‘I Don’t Know That I Would Even Call It Meth Anymore’
Different chemically than it was a decade ago, the drug is creating a wave of severe mental illness and worsening America’s homelessness problem.
Over the past year and a half, I’ve talked with meth addicts, counselors, and cops around the country. The people I spoke with told me stories nearly identical to Eric Barrera’s: P2P-meth use was quickly causing steep deterioration in mental health. The symptoms were always similar: violent paranoia, hallucinations, conspiracy theories, isolation, massive memory loss, jumbled speech. Methamphetamine is a neurotoxin—it damages the brain no matter how it is derived. But P2P meth seems to create a higher order of cerebral catastrophe. “I don’t know that I would even call it meth anymore,” Ken Vick, the director of a drug-treatment center in Kansas City, Missouri, told me. Schizophrenia and bipolar disorder are afflictions that begin in the young. Now people in their 30s and 40s with no prior history of mental illness seemed to be going mad.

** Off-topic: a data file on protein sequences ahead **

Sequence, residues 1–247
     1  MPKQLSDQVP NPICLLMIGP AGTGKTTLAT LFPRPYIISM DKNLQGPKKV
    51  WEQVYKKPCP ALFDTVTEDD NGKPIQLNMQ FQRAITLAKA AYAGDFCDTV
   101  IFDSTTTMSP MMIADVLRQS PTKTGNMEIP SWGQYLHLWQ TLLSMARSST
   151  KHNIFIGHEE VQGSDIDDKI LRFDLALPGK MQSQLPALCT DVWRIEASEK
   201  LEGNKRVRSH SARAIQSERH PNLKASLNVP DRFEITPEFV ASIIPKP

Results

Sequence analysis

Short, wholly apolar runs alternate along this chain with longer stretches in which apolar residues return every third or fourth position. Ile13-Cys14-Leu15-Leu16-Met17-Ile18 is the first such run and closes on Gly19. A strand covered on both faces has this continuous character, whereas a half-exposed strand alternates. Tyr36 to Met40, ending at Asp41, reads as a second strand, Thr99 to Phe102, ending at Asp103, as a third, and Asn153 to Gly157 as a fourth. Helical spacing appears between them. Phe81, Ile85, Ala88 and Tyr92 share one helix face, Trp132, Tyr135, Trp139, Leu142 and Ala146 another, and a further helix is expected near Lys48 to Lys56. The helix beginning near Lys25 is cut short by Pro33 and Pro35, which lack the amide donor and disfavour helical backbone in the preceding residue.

Methamphetamine damages the brain no matter how it is derived. But P2P meth seems to create a higher order of cerebral catastrophe.